Apple's proposed invention, as described by a patent application published by the U.S. Patent and Trademark Office on Thursday, uses frustrated total internal reflection in conjunction with other touch sensing technology to determine how hard a user is pressing on a device screen.
Perhaps the most well known implementation of FTIR is Microsoft's Perceptive Pixel touch displays made popular by television news networks and other public applications. Apple's solution builds on existing systems by affording granular data as to the amount of force being applied by the user.
In one embodiment, Apple's system deploys one or more IR transmitters beneath the bezels of a touchscreen to emit IR light into the cover glass at a specific angle. These angles may be selected so that 100 percent of emitted light is reflected between the top and bottom surfaces of a cover glass and ambient air or a finger.
After traveling within the cover glass, the emitted IR light hits a receiver that calculates amount of total internal reflection. Depending on whether the light interfaced with ambient air or a user's finger substantially touching the cover glass, the readings will be different.
Unlike other systems, Apple's invention does not require an exact transmission limit as long as a difference in internal reflection can be distinguished. Further, no particular requirement of internal reflection exists as long as the touch interface can distinguish the presence of a user's finger.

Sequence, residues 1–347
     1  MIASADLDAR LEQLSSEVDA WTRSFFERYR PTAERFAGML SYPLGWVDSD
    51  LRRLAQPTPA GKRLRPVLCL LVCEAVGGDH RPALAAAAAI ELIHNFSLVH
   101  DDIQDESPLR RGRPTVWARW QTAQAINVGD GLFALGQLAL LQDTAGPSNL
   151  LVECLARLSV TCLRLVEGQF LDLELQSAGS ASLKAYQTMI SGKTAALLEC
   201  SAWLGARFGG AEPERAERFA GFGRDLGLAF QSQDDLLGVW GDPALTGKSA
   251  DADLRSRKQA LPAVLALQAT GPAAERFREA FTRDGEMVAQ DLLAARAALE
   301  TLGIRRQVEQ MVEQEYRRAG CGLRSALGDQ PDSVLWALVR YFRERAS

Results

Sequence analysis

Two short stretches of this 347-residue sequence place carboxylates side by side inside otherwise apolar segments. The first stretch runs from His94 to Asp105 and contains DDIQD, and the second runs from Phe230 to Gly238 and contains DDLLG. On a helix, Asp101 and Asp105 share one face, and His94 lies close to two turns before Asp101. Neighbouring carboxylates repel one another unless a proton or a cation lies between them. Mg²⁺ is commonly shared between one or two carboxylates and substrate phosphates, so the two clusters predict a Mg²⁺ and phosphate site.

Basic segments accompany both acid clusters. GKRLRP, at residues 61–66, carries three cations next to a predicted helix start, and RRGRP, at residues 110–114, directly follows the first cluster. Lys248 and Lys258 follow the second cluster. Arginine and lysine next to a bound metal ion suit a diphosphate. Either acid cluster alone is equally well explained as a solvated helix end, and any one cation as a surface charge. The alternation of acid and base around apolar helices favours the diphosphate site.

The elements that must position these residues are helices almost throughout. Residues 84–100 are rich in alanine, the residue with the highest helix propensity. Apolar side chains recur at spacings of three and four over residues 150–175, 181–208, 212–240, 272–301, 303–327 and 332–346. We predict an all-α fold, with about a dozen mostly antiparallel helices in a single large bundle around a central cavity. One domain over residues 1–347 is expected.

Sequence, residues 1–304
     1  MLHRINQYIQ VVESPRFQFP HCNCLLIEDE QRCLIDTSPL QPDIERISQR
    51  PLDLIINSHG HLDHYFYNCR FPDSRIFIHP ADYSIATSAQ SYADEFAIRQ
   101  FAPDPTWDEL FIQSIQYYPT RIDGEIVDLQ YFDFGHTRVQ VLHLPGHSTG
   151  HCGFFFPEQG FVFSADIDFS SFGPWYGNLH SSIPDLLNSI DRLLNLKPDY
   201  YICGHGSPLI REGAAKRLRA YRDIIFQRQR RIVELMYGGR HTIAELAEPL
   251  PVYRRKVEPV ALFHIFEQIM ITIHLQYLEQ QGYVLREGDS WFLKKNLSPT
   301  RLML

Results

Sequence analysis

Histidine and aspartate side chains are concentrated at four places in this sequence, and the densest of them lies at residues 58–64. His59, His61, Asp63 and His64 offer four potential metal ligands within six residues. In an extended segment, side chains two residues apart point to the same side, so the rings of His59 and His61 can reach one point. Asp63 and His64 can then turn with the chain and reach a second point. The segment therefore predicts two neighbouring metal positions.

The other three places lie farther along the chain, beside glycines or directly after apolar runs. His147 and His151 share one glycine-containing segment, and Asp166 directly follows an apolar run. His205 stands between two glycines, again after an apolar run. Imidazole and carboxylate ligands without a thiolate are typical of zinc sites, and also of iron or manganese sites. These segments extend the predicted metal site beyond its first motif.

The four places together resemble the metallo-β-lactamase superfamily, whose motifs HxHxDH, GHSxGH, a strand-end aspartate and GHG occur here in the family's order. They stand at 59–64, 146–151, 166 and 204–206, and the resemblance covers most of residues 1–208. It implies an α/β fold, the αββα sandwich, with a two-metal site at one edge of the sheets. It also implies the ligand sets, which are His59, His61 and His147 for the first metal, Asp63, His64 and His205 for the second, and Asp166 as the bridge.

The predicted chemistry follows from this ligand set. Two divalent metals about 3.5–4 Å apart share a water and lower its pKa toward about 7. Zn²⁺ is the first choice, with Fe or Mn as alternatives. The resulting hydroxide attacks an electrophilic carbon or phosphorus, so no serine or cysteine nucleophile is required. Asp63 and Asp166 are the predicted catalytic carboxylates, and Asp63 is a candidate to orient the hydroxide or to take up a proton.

Importantly, measurement of attenuated reflection are used to determine whether infrared light reflected from a surface of a cover glass is absorbed by a finger or reflected by a glass-ambient air interface. In this way, the system is able to measure temporal touches that are then used to infer force.
Other embodiments include IR transmission that moves through vias or passageways beneath the top glass. Alternatively, instead of IR transmitters, Apple proposes the use of OLED layers that can output a "fourth color" in an infrared wavelength. Alternative embodiments include FTIR measurement via ultrasonic and other acoustic signals.
Capacitive touch input components, such as those seen in current iOS devices, can help determine positioning of multiple fingers. This aids the FTIR system by discovering "shadowing" of two or more fingers that could result in erroneous attenuation readings.
Finally, data from both the FTIR and capacitive touchscreen are combined to give an accurate reading of force applied to a device screen. Force values from attenuated reflection are compared against a baseline reading to determine how hard a user is pressing on the display. In addition to force, the system can also help the touch I/O device determine smudges or inadvertent wetting.
It is unclear if Apple intends to use the above FTIR technology in a future iOS device, but the addition of a force-sensing element would open new levels of interaction beyond existing static gestures like "tap" and "hold."
Apple's force-sensing patent application was first filed for in 2012 and credits Martin P. Grunthaner, Peter W. Richards, Romain A. Teil and Steven P. Hotelling as its inventors.